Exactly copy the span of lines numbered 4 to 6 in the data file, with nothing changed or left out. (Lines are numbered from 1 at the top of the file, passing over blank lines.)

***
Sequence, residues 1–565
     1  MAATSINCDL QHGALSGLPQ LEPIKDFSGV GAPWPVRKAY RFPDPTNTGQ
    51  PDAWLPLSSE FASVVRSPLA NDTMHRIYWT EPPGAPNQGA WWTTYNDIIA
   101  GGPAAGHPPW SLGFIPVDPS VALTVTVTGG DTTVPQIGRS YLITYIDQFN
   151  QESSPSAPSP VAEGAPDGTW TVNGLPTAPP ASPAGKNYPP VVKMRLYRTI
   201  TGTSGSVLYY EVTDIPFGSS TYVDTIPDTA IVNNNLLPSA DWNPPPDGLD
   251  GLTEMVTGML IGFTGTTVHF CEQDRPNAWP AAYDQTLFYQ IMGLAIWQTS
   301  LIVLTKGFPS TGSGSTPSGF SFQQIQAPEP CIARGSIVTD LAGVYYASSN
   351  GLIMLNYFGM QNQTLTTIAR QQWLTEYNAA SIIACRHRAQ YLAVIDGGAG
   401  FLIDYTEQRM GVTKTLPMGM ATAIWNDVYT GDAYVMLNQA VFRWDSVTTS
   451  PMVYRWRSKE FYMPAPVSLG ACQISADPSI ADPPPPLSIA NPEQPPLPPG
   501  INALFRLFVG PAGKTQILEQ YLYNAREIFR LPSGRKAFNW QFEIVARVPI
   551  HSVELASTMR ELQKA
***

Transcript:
   101  GGPAAGHPPW SLGFIPVDPS VALTVTVTGG DTTVPQIGRS YLITYIDQFN
   151  QESSPSAPSP VAEGAPDGTW TVNGLPTAPP ASPAGKNYPP VVKMRLYRTI
   201  TGTSGSVLYY EVTDIPFGSS TYVDTIPDTA IVNNNLLPSA DWNPPPDGLD